Mayo Chiki: The fact that right after just one day since I watched this I have a hard time recalling the plot should tell you how much I care for this show. Let’s see, a guy who “by chance” sees a crossdressing girl in her underwear, grabs her boob and that said girl vows to kill him before comes to live with him. Nah, nah, NAH. Why do you have to rely on such cliché crap, anime medium? OUT

Kimi to Boku: This one is more “cute boys doing cute things” and I must admit I’m not within the target demography for this. There are some strong moments about friendship but I have a hard time caring for any of those guys, especially the male lead. The animation is especially lackluster. Dropped. OUT

Beezebub: One of two shows about the son of Great Evil messing up with simple daily life. It has some amusing laugh and that kid is a delight but is it good enough for me to burn through its 60 episodes? No, Also I find the humor a bit bland at times. OUT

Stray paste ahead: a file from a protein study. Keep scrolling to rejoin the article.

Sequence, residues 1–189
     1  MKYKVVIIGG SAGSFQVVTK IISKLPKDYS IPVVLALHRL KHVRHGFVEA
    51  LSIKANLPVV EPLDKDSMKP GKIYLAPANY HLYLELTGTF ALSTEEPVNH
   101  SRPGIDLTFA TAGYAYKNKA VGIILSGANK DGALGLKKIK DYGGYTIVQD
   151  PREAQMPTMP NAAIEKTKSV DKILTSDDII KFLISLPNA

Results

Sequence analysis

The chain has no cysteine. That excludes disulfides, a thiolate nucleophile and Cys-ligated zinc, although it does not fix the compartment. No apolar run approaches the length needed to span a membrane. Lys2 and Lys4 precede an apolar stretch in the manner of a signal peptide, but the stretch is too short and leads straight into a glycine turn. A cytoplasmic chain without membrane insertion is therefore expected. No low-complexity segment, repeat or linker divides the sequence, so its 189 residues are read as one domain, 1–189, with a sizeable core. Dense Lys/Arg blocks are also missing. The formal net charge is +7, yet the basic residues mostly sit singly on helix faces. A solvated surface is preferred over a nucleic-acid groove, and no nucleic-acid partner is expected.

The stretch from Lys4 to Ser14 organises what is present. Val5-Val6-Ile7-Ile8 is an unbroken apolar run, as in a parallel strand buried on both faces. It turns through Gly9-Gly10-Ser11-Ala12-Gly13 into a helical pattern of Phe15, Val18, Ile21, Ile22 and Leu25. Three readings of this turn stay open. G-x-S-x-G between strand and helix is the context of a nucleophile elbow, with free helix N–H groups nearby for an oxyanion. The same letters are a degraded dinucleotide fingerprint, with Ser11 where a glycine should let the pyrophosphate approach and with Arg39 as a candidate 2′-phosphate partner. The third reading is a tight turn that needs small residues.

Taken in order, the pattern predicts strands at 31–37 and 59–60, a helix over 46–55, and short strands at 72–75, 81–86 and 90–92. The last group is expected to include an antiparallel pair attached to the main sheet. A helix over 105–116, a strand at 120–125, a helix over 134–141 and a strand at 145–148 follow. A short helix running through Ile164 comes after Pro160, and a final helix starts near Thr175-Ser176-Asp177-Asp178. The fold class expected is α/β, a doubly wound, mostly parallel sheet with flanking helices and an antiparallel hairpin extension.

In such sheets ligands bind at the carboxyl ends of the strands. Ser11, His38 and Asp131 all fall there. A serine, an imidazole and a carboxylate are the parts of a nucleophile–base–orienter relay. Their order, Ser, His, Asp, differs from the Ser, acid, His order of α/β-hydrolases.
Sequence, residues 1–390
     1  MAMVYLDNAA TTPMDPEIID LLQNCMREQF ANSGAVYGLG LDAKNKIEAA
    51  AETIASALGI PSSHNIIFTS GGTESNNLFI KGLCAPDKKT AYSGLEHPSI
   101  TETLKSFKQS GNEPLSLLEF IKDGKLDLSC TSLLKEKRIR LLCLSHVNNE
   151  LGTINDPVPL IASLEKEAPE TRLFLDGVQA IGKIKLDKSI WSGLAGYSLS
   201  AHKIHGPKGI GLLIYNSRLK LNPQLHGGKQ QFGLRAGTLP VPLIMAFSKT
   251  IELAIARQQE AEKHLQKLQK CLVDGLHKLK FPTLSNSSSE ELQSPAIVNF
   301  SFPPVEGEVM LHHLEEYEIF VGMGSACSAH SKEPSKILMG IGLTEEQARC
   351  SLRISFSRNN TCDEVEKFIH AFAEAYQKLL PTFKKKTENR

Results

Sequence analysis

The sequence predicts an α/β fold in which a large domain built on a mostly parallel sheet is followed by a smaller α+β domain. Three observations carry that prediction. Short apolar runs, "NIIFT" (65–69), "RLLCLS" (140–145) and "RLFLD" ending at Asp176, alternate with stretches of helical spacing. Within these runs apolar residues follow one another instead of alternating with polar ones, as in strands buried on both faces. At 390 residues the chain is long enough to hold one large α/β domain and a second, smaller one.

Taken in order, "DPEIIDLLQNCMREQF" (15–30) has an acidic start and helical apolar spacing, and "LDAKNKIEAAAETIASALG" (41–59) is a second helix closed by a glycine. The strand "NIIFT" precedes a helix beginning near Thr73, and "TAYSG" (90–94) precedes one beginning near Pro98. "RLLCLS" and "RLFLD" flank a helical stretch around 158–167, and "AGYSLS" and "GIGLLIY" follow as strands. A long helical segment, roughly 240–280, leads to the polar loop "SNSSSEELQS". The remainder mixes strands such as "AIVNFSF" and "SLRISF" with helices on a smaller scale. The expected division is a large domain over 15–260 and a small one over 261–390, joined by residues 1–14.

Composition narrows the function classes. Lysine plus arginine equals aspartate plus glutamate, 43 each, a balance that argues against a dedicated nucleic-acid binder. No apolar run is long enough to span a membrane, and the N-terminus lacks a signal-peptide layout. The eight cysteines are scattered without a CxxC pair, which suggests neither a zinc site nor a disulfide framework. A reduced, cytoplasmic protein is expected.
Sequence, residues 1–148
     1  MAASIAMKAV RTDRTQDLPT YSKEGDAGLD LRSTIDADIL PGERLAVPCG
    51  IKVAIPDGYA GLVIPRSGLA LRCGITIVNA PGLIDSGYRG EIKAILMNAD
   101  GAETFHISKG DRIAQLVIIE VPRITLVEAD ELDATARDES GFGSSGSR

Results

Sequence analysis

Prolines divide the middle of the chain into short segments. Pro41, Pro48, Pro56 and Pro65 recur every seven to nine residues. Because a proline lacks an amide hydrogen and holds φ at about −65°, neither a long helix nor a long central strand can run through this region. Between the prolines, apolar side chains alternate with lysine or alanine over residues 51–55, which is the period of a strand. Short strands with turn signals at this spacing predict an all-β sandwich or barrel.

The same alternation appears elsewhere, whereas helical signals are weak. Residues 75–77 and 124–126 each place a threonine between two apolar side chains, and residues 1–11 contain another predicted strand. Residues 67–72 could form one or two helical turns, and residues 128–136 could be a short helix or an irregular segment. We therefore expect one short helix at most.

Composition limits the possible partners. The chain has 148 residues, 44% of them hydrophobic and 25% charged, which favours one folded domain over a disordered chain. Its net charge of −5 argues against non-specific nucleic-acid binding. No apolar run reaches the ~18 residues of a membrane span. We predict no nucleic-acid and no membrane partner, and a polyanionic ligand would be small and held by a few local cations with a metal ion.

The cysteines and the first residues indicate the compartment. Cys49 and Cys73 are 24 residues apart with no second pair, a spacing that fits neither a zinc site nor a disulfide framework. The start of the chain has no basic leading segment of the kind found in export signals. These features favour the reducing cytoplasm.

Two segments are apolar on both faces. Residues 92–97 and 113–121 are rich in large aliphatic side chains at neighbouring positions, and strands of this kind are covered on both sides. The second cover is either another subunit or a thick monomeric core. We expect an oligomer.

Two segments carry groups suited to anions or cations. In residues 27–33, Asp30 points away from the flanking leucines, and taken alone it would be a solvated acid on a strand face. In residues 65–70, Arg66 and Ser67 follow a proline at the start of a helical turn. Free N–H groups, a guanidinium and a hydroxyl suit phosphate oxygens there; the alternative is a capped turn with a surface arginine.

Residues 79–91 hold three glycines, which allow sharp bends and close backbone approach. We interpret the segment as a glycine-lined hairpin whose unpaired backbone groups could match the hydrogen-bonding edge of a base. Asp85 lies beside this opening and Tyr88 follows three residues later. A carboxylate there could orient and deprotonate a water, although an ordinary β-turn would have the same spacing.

Ben-To: Only anime can make a series out of such ridiculous premise: about a bunch of “professional hunters” who hunt… half price bento in a supermarket. And because it’s anime, characters are the types you’ve seen in other shows before, the action and the violence are over the top and ridiculous. I’m in a camp who buying a full price bento anyway so I guess I don’t see the appeal of this show. OUT

Phi Brain: This first episode plays out well the puzzle aspect of the show, otherwise it’s serviceable. If it was a current seasonal show I can continue to watch it, but for the purpose of this summary there are literally 30 plus other shows that worth watching more. I still don’t really like the main lead, who is your typical shounen protagonist that can easily leave his friend behind in the quest of becoming stronger. Another problem with this show is with the guy who already overpowered like this, it takes out all the suspension the puzzles might have had. OUT